Sensors 2013, 13(9), 11842-11860; doi:10.3390/s130911842

Article
Human-Computer Interaction Based on Hand Gestures Using RGB-D Sensors
José Manuel Palacios 1,*, Carlos Sagüés 1, Eduardo Montijano 2 and Sergio Llorente 3
1
Departamento de Informática e Ingeniería de Sistemas (DIIS) and Instituto de Investigación en Ingeniería de Aragón (I3A), Universidad de Zaragoza, Zaragoza 50018, Spain; E-Mail: csagues@unizar.es
2
Centro Universitario de la Defensa (CUD) and Instituto de Investigación en Ingeniería de Aragón (I3A), Zaragoza 50090, Spain; E-Mail: emonti@unizar.es
3
Research and Development Department, Induction Technology, Product Division Cookers, BSH Home Appliances Group, Zaragoza 50016, Spain; E-Mail: sergio.llorente@bshg.com
*
Author to whom correspondence should be addressed; E-Mail: jmpala@unizar.es; Tel.: +34-976-76-24-72; Fax: +34-976-76-19-14.
Received: 26 June 2013; in revised form: 2 August 2013 / Accepted: 29 August 2013 /
Published: 6 September 2013

Abstract

: In this paper we present a new method for hand gesture recognition based on an RGB-D sensor. The proposed approach takes advantage of depth information to cope with the most common problems of traditional video-based hand segmentation methods: cluttered backgrounds and occlusions. The algorithm also uses colour and semantic information to accurately identify any number of hands present in the image. Ten different static hand gestures are recognised, including all different combinations of spread fingers. Additionally, movements of an open hand are followed and 6 dynamic gestures are identified. The main advantage of our approach is the freedom of the user's hands to be at any position of the image without the need of wearing any specific clothing or additional devices. Besides, the whole method can be executed without any initial training or calibration. Experiments carried out with different users and in different environments prove the accuracy and robustness of the method which, additionally, can be run in real-time.
Keywords:
Kinect; depth sensors; RGB-D; gesture recognition

1. Introduction

In recent years, hand gesture recognition is gaining great importance in human-computer interaction (HCI) and human-robot interaction (HRI). Different approaches have appeared making use of different sensors and devices. Hand wearable devices such as sensor gloves [1,2] have been used although they are usually expensive and user intrusive. Other less intrusive wireless devices like the Wii controller [3] or sensing rings [4] have appeared to overcome these drawbacks. Cameras and computer vision have proved to be useful tools for this task [5]. In addition, other contact-free sensors have emerged lately [6] to detect hand motion and interact with different devices. However, despite all the previous work, a reasonable solution to the gesture recognition problem has not been found yet.

Modern approaches to gesture recognition usually acquire information from the lately developed colour and depth-sensing devices. The first colour and depth sensor called Kinect was developed by Microsoft for the Xbox console and released in November 2010. This sensor projects an infrared pattern of 307,200 dots in a 640 × 480 mesh and receives the reflected pattern through a CMOS monochrome sensor. This structured light application allows the device to measure the depth of every point by means of triangulation. Moreover, an RGB camera provides synchronised colour information of each point.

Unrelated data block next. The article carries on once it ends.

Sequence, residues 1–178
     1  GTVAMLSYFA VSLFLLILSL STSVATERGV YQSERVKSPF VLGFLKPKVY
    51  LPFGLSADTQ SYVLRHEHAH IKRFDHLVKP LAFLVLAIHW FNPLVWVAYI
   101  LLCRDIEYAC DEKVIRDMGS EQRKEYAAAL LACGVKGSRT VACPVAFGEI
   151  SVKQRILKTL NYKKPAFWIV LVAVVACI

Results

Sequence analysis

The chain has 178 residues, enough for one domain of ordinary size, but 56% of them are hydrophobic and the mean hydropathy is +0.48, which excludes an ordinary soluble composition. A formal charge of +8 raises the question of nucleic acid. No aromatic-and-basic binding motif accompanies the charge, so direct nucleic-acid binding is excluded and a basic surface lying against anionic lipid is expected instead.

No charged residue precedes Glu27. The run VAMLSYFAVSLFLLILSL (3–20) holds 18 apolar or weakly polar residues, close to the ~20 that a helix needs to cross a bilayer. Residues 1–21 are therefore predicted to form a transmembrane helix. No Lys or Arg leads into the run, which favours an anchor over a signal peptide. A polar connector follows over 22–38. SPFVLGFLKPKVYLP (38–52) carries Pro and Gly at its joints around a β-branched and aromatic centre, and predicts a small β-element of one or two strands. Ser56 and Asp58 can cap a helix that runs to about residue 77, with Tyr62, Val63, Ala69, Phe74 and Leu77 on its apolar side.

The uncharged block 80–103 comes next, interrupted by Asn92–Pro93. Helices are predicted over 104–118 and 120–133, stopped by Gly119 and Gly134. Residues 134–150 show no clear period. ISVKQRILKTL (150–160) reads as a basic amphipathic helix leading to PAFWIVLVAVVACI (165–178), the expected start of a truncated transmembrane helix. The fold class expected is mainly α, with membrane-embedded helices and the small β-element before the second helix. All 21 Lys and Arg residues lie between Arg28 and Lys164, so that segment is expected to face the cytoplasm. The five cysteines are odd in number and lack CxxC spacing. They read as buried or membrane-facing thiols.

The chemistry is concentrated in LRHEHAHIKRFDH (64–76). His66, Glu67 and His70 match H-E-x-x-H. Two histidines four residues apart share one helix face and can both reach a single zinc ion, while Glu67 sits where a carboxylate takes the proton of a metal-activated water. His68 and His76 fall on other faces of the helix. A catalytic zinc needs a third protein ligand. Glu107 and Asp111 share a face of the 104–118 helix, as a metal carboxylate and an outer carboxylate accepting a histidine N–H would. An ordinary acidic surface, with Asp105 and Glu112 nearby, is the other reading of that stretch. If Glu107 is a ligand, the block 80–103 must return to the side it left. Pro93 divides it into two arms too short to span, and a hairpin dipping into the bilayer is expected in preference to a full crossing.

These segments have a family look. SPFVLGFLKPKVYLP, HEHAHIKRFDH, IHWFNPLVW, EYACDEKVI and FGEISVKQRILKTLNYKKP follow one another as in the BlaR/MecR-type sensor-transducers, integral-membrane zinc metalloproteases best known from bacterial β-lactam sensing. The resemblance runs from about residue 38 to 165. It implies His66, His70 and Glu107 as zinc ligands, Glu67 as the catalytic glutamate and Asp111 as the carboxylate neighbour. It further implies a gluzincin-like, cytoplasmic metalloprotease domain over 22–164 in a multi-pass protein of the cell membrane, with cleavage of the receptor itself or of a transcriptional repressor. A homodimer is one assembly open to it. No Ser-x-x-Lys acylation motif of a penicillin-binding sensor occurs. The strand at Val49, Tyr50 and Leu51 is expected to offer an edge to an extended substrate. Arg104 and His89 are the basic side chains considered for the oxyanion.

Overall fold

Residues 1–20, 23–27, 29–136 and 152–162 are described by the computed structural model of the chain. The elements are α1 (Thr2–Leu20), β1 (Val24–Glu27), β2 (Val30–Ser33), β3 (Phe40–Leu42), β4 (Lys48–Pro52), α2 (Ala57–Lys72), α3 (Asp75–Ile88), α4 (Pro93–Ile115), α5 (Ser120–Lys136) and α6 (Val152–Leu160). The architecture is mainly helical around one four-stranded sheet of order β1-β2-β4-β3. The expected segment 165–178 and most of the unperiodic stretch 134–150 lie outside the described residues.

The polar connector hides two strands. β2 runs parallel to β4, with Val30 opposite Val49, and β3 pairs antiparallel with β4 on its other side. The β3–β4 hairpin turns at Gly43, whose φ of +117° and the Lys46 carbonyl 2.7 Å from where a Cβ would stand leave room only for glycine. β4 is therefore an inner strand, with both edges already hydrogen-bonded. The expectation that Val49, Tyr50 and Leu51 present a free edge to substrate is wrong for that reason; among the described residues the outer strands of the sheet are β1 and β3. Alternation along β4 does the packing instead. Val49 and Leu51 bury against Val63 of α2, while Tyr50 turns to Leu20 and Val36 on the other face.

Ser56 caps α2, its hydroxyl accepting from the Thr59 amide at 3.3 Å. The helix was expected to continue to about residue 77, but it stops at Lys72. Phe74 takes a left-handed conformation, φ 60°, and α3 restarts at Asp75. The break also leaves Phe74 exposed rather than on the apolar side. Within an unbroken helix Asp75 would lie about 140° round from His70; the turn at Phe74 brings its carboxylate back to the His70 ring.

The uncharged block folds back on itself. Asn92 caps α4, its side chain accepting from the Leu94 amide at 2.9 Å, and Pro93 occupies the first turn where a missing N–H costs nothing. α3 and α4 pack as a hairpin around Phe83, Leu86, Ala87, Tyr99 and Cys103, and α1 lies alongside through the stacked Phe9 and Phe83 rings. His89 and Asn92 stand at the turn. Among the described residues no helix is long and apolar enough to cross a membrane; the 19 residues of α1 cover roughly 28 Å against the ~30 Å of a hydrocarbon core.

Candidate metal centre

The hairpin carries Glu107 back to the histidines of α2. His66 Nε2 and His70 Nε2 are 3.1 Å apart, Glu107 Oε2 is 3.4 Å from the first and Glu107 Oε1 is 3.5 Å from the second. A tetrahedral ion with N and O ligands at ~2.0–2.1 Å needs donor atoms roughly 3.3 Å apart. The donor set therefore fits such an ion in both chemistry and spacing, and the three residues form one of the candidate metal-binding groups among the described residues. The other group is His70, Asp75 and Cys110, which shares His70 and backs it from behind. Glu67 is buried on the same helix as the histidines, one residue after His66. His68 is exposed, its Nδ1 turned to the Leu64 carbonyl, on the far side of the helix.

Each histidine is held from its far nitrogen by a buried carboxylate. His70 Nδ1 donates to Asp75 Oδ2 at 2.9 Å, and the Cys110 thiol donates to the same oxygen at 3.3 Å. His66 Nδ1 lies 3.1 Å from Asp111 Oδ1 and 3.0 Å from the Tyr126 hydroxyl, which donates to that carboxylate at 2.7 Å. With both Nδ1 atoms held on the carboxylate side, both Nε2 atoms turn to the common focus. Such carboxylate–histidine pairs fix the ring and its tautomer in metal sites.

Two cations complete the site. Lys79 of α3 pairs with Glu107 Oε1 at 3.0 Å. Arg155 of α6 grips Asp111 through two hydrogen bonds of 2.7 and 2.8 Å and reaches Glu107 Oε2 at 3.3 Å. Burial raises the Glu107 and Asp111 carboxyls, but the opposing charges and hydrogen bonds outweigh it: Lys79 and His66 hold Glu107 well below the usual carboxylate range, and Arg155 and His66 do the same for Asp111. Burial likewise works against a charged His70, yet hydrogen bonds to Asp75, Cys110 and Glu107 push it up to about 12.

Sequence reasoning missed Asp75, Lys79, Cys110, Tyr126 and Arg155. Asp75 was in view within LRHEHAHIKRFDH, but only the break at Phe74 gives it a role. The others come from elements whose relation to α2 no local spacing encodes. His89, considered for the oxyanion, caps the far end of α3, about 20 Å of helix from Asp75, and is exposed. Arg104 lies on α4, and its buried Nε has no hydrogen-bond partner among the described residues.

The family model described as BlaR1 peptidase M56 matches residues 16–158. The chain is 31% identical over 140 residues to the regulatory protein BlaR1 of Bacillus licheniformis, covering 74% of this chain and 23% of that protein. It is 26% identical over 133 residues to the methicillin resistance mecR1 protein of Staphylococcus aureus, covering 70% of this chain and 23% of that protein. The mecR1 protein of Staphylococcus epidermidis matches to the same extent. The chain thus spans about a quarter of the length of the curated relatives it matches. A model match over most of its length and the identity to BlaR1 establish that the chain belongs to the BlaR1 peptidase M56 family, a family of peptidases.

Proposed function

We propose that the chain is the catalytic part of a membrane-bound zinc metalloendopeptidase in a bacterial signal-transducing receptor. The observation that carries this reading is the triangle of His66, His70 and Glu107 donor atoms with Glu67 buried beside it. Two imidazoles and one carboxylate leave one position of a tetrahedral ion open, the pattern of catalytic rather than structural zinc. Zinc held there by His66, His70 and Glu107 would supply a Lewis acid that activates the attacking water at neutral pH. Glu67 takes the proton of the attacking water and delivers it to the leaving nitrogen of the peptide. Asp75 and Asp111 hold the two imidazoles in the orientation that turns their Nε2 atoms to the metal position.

Microsoft Kinect was formerly developed for full-body tracking to interact with video games by means of body movements and gestures. This sensor and its followers have proved to be suitable for such task and many body-tracking methods have appeared lately. Furthermore, many authors have developed applications of gesture recognition using these sensors in different fields such as interactive displays [7], physical rehabilitation [8], robot guidance [911] or sign language recognition [12]. Additionally, completely different applications for Kinect have been developed such as [13,14].

Nevertheless, even with the appearance of these new sensors, finding and segmenting the hand of the user in an image is still a meaningful problem. It remains unsolved especially in situations where there are occlusions, different lighting conditions or when other skin-coloured objects apart from the hand appear in the scene [15]. In the last years, hand gesture recognition applications have focussed on the recognition problem itself, simplifying the problem of finding the user's hand. Common simplifications are the assumption of some particular situations like the hand being the front-most object [16] or the use of full-body tracking algorithms. Under these assumptions, different gesture classification methods such as Hidden Markov Models [12,17], k-Nearest Neighbours [10], Template Matching [16] or Finite State Machines [9] have reached high classification rates.

In this paper, we propose a new method to detect the hands and recognize its static and dynamic gestures. A colour and depth sensor is used, particularly Microsoft Asus Xtion Pro Live. One of the main goals of our work is to provide the user with freedom of movement. Our method allows: the appearance of the hand in any position; the user wearing short-sleeved shirts and no additional items; the appearance of the user's face; and the use of the system in presence of cluttered backgrounds.